Veterans and their friends have given me more than an armful of books about war and the military over the years. One of the gifts I got this year was written by a Navy veteran from Allentown and printed by a military history publisher, indicating the author was a skilled writer.
The book is War in the Boats: My WWII Submarine Battles, by retired Capt. William J. Ruhe, published in 1994 by Brassey’s, now Potomac Books, with a foreword by Tom Clancy. Ruhe was a technical adviser for Clancy’s thriller The Hunt for Red October.
War in the Boats was based on a journal Ruhe kept, in which he wrote about eight patrols against the Japanese in the South Pacific. The Washington Times called it “The human side of submarine warfare…exciting reading.” He also wrote Slow Dance to Pearl Harbor: A Tin Can Ensign in Prewar America.
Even though I’ve been working at The Morning Call of Allentown for 28 years, I’d never heard of Ruhe. But a check of the newspaper’s archives showed we’d written about him in the mid 1990s, when he was living in McLean, Va.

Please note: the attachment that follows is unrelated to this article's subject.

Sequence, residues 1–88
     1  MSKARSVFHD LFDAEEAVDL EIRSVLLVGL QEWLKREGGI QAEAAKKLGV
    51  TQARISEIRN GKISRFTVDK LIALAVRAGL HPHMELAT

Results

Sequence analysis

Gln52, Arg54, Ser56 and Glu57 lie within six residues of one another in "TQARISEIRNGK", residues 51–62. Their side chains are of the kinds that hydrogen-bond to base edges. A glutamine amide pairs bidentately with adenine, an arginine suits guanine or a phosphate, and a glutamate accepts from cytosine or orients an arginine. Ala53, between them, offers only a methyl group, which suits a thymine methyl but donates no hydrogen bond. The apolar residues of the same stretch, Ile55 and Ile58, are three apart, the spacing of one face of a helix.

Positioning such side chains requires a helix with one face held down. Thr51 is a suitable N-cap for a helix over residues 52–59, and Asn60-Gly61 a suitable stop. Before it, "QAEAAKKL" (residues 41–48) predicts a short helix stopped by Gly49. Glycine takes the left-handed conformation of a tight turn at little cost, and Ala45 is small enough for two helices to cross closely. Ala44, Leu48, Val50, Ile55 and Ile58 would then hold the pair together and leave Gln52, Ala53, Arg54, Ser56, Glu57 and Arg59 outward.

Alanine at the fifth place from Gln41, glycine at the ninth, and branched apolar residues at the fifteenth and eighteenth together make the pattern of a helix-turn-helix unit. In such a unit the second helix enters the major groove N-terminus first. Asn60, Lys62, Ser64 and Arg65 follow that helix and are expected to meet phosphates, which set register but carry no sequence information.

Ruhe was the son of a longtime editor of The Morning Call, Percy Ruhe, and could sing and dance. At the University of Pittsburgh, which he attended, he once tap-danced with Gene Kelly. For years he sang in barbershop quartets. He wrote a song, “Take Her Down,” for the submarine service.
A 1939 Naval Academy graduate, Ruhe was a submarine captain in the war, skipper of the Sturgeon, and received three Silver Stars. He also served on other subs and on surface vessels. He went on to run the Naval Reserve Center in Allentown, edit Submarine Review and direct marine programs for submarine maker General Dynamics.
One of The Morning Call stories about Ruhe is his obituary. He died Nov. 4, 2003, at his home in McLean at age 88.
His War in the Boats book sits on the “need to read” pile on my desk, along with a submarine book someone gave me years ago, 1969’s Iron Coffins: A Personal Account of the German U-boat Battles of World War II, by former U-boat commander Herbert A. Werner.